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Languages

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About the Languages

Learning languages in addition to English extends student’s literacy repertoires and their capacity to communicate. It strengthens student’s understanding of the nature of language, culture, and the processes of communication.

Language categories

The languages included in the Victorian Curriculum F–10 are grouped into six categories (outlined in the table below).

All language-specific curriculum has now been released through the Victorian Curriculum F-10.  

The VCAA has included generic curriculum for Roman and Non-Roman Alphabet languages, which will allow any world language to be offered by a Victorian school, and the Framework for Classical Languages, which schools can use to develop language-specific programs for Classical languages other than Classical Greek and Latin.

Language Categories Description Specific Languages
Roman Alphabet Languages These are languages whose writing system, or means of being visually recorded, is Roman alphabetic, and whose reading demands on learners are similar to those of English.
  • French
  • German
  • Indonesian
  • Italian
  • Spanish
  • Turkish
  • Vietnamese
  • Roman Alphabet Language
Non-Roman Alphabet Languages These are languages whose writing system is alphabetic but non-Roman, and for which a learner needs to acquire a new alphabet.
  • Arabic
  • Modern Greek
  • Hindi
  • Korean
  • Non-Roman Alphabet Language
Character Languages These are languages whose writing system is either syllabic, ideographic, or a combination of syllables and ideograms, involving different reading processes from alphabet reading, and the learning of the new script.
  • Chinese
  • Japanese
Classical Languages These are ancient languages which are no longer used as a means of everyday communication by a contemporary community.
  • Classical Greek
  • Latin
  • Framework for Classical Languages*
Sign Language This is a language of the Australian Deaf community. For most learners, this will also involve reading in English.
  • Australian Sign Language (Auslan)
Aboriginal Languages Each Aboriginal and Torres Strait Islander language is unique. It gives voice to the landscapes, thoughts and ways of seeing and interpreting the world. When the language of the Land is spoken, it brings together all of the elements of the landscape and its people. It encompasses the relationships of these people with one another and with the landscape, past, present and future.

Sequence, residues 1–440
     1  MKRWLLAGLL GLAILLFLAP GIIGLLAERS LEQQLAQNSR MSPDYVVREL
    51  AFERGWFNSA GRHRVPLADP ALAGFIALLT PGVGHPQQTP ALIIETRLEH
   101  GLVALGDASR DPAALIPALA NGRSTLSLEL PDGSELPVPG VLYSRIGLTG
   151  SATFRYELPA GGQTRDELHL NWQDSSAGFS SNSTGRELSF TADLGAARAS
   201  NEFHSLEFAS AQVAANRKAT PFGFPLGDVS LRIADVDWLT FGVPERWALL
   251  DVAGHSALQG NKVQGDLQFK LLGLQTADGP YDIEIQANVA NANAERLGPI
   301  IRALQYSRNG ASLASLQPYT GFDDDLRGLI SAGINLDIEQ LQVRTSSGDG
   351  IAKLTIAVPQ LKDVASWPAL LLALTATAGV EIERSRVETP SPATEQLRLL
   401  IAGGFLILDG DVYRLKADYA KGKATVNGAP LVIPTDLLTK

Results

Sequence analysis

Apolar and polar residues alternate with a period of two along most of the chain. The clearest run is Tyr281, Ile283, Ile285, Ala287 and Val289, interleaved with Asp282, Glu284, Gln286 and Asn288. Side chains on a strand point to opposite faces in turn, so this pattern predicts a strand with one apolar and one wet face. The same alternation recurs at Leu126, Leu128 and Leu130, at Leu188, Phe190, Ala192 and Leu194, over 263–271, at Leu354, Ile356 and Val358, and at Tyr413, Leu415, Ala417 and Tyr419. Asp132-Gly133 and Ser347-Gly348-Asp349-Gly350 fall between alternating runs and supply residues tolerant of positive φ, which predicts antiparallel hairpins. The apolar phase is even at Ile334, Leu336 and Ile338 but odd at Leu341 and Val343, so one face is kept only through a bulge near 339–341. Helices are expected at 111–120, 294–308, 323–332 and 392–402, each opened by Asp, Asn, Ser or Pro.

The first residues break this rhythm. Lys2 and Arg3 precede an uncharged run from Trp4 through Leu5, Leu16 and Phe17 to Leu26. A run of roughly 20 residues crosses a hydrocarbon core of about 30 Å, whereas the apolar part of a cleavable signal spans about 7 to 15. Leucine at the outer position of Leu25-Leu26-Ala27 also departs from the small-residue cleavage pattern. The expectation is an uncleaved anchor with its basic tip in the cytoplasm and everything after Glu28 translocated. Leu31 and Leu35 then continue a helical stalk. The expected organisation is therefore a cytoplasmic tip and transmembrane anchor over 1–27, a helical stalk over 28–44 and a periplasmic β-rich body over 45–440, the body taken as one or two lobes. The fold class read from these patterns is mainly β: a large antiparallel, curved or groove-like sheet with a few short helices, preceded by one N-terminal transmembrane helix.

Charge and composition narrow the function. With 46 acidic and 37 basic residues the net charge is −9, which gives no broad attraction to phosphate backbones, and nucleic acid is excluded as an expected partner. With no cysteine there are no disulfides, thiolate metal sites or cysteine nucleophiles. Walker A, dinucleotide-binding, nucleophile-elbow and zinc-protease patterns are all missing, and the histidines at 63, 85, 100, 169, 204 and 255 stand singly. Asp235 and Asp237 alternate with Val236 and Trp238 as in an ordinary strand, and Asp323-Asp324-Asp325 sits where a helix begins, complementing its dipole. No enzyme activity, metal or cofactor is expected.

• Victorian Aboriginal Languages 
 *Framework for Classical Languages is available as a download only.

Using the Victorian Curriculum F-10 or AusVELS in 2017

The VCAA aims to give schools access to the curriculum one year before implementation, for familiarisation and planning processes. Given some of the Languages, curricula have not been available for a full year, for 2017 schools have the option to use either a copy of a previous AusVELS Languages curriculum or to use the new Victorian Curriculum F-10 Languages. To download a copy of an AusVELS Languages curriculum, please select one of the language categories in the table below.

Language CategoryDescriptionSpecific Language
Roman Alphabet Languages These are languages whose writing system, or means of being visually recorded, is Roman alphabetic, and whose reading demands on learners are similar to those of English.
  • German
  • Spanish
  • Turkish
  • Vietnamese
Non-Roman Alphabet Languages These are languages whose writing system is alphabetic but non-Roman, and for which a learner needs to acquire a new alphabet.
  • Arabic
  • Modern Greek
  • Hindi
  • Korean
Character Languages These are languages whose writing system is either syllabic, ideographic, or a combination of syllables and ideograms, involving different reading processes from alphabet reading, and the learning of the new script.
  • Japanese
Classical Languages These are ancient languages which are no longer used as a means of everyday communication by a contemporary community.
  • Classical Greek
  • Latin
Sign Language

This is a language of the Australian Deaf community. For most learners, this will also involve reading in English.
  • Auslan

Information Communication Technologies and Languages

Information Communication Technologies (ICT) are powerful tools that can support student learning. Students can develop and demonstrate their understanding of concepts and content in Languages using a range of ICT tools. It is also important that students know how to use these ICT efficiently and responsibly, as well as learning how to protect themselves and secure their data.

Details of how ICT can support student learning in Languages is set out in the attached Information Communication Technologies and Languages pdf.

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